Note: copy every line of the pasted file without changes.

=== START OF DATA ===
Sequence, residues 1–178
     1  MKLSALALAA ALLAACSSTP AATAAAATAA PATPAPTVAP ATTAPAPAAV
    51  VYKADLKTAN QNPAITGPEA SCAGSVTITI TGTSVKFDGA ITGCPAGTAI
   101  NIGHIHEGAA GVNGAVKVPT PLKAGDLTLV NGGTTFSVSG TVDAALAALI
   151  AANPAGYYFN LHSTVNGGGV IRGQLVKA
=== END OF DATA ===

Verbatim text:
Sequence, residues 1–178
     1  MKLSALALAA ALLAACSSTP AATAAAATAA PATPAPTVAP ATTAPAPAAV
    51  VYKADLKTAN QNPAITGPEA SCAGSVTITI TGTSVKFDGA ITGCPAGTAI
   101  NIGHIHEGAA GVNGAVKVPT PLKAGDLTLV NGGTTFSVSG TVDAALAALI
   151  AANPAGYYFN LHSTVNGGGV IRGQLVKA